Green Homes

Happy owners
Jun 14,2011 | Oak Park, Illinois

In 2004, Jason La Fleur and his wife Jennifer bought a classic Arts and Crafts home in Oak Park, Illinois, home to the largest single collection of buildings designed by Frank Lloyd Wright.

Clifton - front after
May 17,2011 | Oak Harbor, Washington

Ted Clifton has been building and remodeling homes for more than 45 years. But he continues to recognize good innovations as they come along. That’s why he decided to use nailbase insulation panels on a recent green remodeling project for Bob and Tobie Johnson of Oak Harbor, WA.

What is nailbase insulation?

Chautauqua - cottages + Flat Irons
May 04,2011 | Boulder, Colorado

There really is no greater remodeling challenge than green historic preservation. After a 25-year career in East-coast remodeling and then Colorado production homebuilding, Jeff Medanich is tying together all this experience in his green retrofit work at Chautauqua.

A bit of Chautauqua history

Chael-Dover - street view
Apr 21,2011 | South Miami, Florida

Historic preservation meets green building at the residential scale in the addition and renovation of our cottage in South Miami. Located in the Cambridge Lawns Historic District, the cottage was part of the LEED for Homes pilot program and achieved Gold Level certification while maintaining the character and scale of the surrounding historic district.

A slice of south Florida architectural history

Renner - after
Feb 03,2011 | Portland, Maine

Architect Richard Renner and his wife Janet Friskey, a graphic designer, wanted a commute in downtown Portland, Maine that involved just a flight of stairs. “We jumped at the opportunity to purchase an old clothing store with an apartment above,” says Richard.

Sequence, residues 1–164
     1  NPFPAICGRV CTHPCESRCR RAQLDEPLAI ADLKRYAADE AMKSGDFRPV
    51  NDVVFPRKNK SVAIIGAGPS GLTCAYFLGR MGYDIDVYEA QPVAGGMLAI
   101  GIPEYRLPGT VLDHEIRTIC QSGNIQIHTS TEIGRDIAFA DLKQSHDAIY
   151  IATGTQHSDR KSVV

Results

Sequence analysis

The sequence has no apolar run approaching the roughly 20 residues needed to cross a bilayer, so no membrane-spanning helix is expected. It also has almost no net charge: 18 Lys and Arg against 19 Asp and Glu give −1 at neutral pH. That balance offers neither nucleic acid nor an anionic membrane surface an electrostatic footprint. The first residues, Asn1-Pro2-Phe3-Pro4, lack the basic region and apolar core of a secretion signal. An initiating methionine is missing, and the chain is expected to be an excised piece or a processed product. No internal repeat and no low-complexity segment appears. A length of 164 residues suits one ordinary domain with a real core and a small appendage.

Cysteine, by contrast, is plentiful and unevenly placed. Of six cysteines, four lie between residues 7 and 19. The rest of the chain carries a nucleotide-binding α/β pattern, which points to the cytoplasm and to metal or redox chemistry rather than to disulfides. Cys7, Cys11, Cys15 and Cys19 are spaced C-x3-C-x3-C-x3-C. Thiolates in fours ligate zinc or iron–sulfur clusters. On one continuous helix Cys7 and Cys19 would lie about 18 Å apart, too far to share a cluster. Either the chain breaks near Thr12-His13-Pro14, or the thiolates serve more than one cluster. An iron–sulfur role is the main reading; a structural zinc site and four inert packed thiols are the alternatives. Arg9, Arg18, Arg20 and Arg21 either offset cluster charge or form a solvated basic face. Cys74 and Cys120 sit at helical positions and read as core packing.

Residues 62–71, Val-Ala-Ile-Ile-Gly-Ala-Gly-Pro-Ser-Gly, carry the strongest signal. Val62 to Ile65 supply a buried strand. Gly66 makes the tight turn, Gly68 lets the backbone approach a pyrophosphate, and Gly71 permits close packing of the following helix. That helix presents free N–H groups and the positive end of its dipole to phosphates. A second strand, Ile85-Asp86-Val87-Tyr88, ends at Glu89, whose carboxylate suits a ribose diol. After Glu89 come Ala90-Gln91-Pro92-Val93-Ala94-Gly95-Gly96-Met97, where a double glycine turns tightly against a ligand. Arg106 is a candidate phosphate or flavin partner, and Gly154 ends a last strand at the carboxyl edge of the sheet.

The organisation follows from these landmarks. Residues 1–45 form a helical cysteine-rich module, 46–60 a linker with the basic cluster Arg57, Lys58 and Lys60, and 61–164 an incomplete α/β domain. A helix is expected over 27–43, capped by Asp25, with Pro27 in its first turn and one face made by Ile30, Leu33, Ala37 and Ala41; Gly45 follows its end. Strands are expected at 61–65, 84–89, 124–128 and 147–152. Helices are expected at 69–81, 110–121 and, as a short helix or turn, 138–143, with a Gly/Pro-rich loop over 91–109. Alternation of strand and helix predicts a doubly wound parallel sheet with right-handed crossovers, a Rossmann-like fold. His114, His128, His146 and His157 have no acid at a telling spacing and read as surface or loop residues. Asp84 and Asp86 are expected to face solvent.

That turned out to be the easy part. “Our goals for the first-floor office and residence loft were an efficient building envelope, plenty of daylighting to the interior, and open floor plans for both spaces. And while we were at it, make the loft a LEED for Homes Platinum gut rehab.”

BHFH - after front
Jan 18,2011 | Buffalo, New York

Don Marx is a very busy man for a guy who is “retired.” But as Chair of Construction on the Habitat for Humanity Buffalo Board, he manages as many as 12 whole-house renovations and 4 new homes a year. That’s supervising 8,000 volunteer labor hours for each renovation and 4,000 hours for each new home. And all of Don’s hours are in that total; he is a volunteer himself.

Habitat for Humanity Buffalo

Tags:
Register for a free account and join the conversation


Get a free account and join the conversation!
Become a GBA PRO!